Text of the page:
The Atlantic panel on criminal justice reform included (left to right) Rutgers professor Anne Morrison Piehl, District Attorney Seth Williams, Redeemed founder William Cobb, Keir Bradford-Grey of the Defender Association of Philadelphia, and moderator Ron Brownstein.
The one discussion this week that will probably impact Philadelphia the most in the not-too-distant future took place in a bar on Tuesday afternoon.
Mayor Jim Kenney and District Attorney Seth Williams were among a handful of city officials who participated in “Rethinking Crime and Punishment: A Next America Forum,” hosted by the Atlantic in the Field House, that spot you absentmindedly walk past all the time on Filbert Street across from Reading Terminal Market. Read more »
Photograph by Nell Hoving
Seth Williams is sitting on the porch of his home in Overbrook, taking a pull on a cigar and trying to find the right words to explain the bullshit that’s consumed his life for much of the past year.
It’s a warm, clear Saturday night in early June, and whatever plans he might have had were scuttled when his black Lab-mix puppy, Charlie, got sick. After he tended to the dog, his thoughts turned to a topic he can’t seem to escape these days, namely, why do so many people have an ax to grind with him? Read more »
This photo, an exhibit in the lawsuit by American Airline employees, allegedly shows a worker filling a Deer Park water jug with that chemical. | Photo courtesy of Brian Mildenberg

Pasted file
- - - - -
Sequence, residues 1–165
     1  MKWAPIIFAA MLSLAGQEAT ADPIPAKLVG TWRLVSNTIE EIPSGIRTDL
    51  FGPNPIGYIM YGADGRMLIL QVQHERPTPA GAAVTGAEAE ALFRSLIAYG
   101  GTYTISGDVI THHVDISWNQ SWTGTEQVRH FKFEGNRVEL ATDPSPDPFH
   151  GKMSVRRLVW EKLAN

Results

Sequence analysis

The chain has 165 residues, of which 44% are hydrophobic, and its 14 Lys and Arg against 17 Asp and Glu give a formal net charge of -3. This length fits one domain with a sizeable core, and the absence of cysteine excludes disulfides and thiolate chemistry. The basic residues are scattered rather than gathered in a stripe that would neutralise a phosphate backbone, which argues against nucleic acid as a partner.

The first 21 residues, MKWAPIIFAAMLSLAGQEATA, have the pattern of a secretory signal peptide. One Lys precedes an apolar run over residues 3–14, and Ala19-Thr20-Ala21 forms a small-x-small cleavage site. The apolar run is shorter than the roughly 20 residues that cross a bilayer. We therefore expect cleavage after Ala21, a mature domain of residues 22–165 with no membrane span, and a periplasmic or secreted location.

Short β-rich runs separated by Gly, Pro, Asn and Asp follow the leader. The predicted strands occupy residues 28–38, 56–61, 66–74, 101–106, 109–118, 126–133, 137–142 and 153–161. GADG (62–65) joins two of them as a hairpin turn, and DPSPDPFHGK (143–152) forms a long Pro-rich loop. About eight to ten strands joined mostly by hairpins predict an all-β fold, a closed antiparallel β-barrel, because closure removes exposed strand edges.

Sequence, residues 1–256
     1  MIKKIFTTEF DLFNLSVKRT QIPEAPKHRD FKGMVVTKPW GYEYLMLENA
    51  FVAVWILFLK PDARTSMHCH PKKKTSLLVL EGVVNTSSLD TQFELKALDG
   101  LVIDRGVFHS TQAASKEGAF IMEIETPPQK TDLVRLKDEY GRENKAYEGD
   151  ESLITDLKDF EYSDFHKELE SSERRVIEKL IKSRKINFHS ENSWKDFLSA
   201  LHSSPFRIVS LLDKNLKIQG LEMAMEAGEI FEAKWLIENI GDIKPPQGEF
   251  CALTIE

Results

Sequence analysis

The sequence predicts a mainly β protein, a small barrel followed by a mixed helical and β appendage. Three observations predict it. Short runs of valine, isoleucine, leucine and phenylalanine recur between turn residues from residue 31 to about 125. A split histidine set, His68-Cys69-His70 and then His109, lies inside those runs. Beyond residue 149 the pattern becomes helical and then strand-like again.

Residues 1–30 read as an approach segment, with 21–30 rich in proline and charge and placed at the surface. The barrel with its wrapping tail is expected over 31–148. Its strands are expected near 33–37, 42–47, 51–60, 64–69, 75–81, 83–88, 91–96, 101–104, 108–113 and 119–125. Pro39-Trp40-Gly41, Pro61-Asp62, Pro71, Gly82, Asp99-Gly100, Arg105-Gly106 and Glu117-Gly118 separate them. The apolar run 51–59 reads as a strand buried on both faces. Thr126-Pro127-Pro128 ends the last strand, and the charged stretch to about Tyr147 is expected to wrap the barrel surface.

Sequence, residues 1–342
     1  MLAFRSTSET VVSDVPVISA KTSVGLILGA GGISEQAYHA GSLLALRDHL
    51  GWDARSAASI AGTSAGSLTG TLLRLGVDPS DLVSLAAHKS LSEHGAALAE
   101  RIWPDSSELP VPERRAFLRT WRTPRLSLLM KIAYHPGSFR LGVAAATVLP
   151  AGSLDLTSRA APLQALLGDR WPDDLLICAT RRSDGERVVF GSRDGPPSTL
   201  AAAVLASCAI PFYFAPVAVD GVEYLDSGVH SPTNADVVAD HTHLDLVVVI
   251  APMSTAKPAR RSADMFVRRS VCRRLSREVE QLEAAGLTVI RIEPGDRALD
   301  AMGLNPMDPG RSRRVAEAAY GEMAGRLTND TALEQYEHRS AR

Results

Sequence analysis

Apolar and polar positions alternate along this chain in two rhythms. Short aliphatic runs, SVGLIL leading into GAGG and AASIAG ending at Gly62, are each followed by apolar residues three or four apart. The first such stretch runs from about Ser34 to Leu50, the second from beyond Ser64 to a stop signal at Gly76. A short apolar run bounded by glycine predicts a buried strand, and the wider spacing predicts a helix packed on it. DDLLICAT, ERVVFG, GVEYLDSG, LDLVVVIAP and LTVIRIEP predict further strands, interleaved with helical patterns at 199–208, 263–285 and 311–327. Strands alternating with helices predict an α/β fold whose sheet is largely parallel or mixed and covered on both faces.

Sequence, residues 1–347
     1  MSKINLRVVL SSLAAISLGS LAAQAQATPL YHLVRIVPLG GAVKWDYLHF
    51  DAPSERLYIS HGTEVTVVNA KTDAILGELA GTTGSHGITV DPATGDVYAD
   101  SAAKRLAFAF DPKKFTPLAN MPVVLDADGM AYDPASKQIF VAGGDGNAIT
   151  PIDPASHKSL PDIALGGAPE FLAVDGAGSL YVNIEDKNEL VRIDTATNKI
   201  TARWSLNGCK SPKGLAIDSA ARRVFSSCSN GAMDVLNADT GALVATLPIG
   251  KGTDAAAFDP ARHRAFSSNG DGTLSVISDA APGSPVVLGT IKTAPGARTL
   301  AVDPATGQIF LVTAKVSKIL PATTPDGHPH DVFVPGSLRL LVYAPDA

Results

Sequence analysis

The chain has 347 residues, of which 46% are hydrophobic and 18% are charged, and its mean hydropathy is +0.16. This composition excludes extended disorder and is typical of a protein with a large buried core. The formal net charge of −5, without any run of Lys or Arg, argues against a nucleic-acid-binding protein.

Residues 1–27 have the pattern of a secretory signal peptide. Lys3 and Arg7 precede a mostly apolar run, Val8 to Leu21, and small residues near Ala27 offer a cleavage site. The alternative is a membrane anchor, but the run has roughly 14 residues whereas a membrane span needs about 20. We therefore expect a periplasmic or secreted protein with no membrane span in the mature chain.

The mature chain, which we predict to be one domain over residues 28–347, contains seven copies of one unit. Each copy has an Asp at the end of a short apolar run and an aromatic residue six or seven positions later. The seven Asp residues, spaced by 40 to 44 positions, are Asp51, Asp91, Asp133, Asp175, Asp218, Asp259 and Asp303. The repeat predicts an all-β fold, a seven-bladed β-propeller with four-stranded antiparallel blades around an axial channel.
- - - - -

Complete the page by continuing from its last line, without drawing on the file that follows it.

On Thursday afternoon, dozens of workers from Philadelphia International Airport and their attorney Brian Mildenberg turned up at the office of District Attorney Seth Williams to ask for a criminal investigation into American Airlines for allegedly refilling Deer Park water jugs with toxic chemicals and then eventually sending them back to Deer Park to be filled again with water. Well, now American Airlines is referring to it as a publicity stunt. Read more »
Photo | Jeff Fusco
The investigation into sexual assault allegations involving Philadelphia Eagles wide receiver Nelson Agholor is now in the hands of District Attorney Seth Williams.
“The [investigative] package has been sent to the D.A.’s Office for their review,” Police Commissioner Richard Ross told Philadelphia magazine on Thursday night. Ross declined to comment further on the case.
A 27-year-old dancer at Cheerleaders Gentleman’s Club accused the 23-year-old wide receiver of raping her inside the club earlier this month. Agholor’s attorney, Fortunato “Fred” Perri Jr., has maintained that Agholor did not commit a crime.
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Philadelphia District Attorney Seth Williams, center, accompanied by investigator Frank Fina, speaks during a news conference Monday, Jan. 27, 2014, in Philadelphia.
Frank Fina‘s controversy-plagued tenure with the Philadelphia District Attorney’s Office has quietly — like really, really quietly — come to an end. Read more »
District Attorney Seth Williams | Photo by Matt Rourke/AP
The Inquirer is reporting that a past campaign contributor to Philadelphia District Attorney Seth Williams rented Williams’ ex-wife a house at a below market rate three years ago.
Robert Herdelin, the property owner, told the paper that he agreed to rent a Drexel Hill home to Sonita Williams for $1,000 per month. He told the paper he believes the property could have brought in $2,500 per month. Read more »
District Attorney Seth Williams | Photo by Matt Rourke/AP